Brian de Haaff’s recent LinkedIn post “Why This CEO Will Never Hire Another Salesperson” earned serious PR for his two-year-old roadmap software company, Aha!: half a million views and 2,300 comments. He says the post is his “first volley in a healthy debate.” Brian, chase down this top-spin lob if you can.
Instead of hiring commissioned salespersons who carry a quota, Brian says that Aha! has created a Customer Success Team, a group of well-compensated employees who take care of prospective customers. From my understanding, Apple Stores don’t compensate their salespersons with commission either, and for me, the experience there has been strikingly warm and easy-going. So it’s not a bad idea. But does that make it best for your firm?
Brian says buyers of emerging technology want relationships, authenticity, collaboration, and information, strongly implying commissioned salespersons can’t provide these things. Though he doesn’t blame them, saying “It’s not them though and they should not be blamed, it’s how they are motivated that’s all wrong.”
Many high-tech firms do push products by investing in huge marketing budgets for driving sales leads, and their Sales VPs must hit their revenue targets each month. This has created some brutal sales cultures. You know the drill, “… first prize is a Cadillac Eldorado … Second prize? A set of steak knives. Third prize is you’re fired.”
A friend of mine, who wishes to remain anonymous, worked as a commissioned sales rep for a well-known high-tech firm and had this to say: “Their ‘Core Values’ are meaningless. They certainly don’t practice what they profess, and all they care about are the numbers and not their employees. You don’t go home unless you have booked a certain amount of demos or made 150 calls. There was no value-selling. ” I couldn’t agree more that this way of working with commissioned reps is all wrong.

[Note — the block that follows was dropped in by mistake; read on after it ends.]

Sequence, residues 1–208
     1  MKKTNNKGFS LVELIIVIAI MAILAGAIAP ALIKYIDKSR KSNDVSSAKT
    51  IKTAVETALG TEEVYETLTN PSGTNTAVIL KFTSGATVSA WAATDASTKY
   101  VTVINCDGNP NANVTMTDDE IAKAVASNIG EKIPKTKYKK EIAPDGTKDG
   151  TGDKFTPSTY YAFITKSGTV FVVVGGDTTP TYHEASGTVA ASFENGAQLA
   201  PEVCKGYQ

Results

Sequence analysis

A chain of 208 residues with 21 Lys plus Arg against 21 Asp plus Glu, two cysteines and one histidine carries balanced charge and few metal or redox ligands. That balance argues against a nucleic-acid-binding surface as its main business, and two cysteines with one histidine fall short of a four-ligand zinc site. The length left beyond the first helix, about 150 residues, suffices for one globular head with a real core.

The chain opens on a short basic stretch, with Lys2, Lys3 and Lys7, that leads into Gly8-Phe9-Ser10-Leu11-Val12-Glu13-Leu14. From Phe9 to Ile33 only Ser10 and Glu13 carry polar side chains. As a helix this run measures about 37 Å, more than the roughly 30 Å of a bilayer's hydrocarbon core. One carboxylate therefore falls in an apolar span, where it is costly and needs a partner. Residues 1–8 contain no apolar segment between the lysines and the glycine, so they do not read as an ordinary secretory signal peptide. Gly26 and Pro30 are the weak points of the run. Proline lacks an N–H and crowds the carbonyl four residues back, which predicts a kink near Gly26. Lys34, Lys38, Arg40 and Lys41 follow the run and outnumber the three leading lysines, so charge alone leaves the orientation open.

But I’ve hired dozens of commissioned salespersons who’ve been great relationship-builders, authentic, collaborative, and informative. I’ve started two firms, First Research, provider of sales and marketing-friendly industry profiles, in 1999 (sold in 2007 to Dun & Bradstreet), and Vertical IQ, a similar firm, which launched in 2010. These sales professionals are patient and don’t push products. We don’t hold them accountable each week, month, or quarter to hit some arbitrary sales number. They work hard to make sure customers are successful, which is why Vertical IQ has a 98% renewal rate. And guess what? They earn commission for making existing customers happy as well. But they also have challenging jobs because we don’t raise capital, and therefore, we have small marketing budgets. They must work hard to find their own leads, cold call, listen carefully, run successful pilots, and manage the complexity of a negotiation. Selling like this is a unique skill, and most aren’t cut out for the difficulties that go along with it. I doubt I could attract this type of salesperson if they worked for a set salary. I doubt they’d think it was worth the heartache and disappointment that come along with this type of job. In a way, they’re entrepreneurs themselves—constantly battling risk versus reward—perfectly aligned with the goals of the company’s owner.
So if you’re an entrepreneur or an aspiring one, think about the perspective of those who provide you advice. For this issue, you now have two perspectives: Brian de Haaff’s and mine. I have no problem sharing the revenue I receive as an owner with the salesperson when they land another happy customer. And guess what? Our customers are happy. So are we.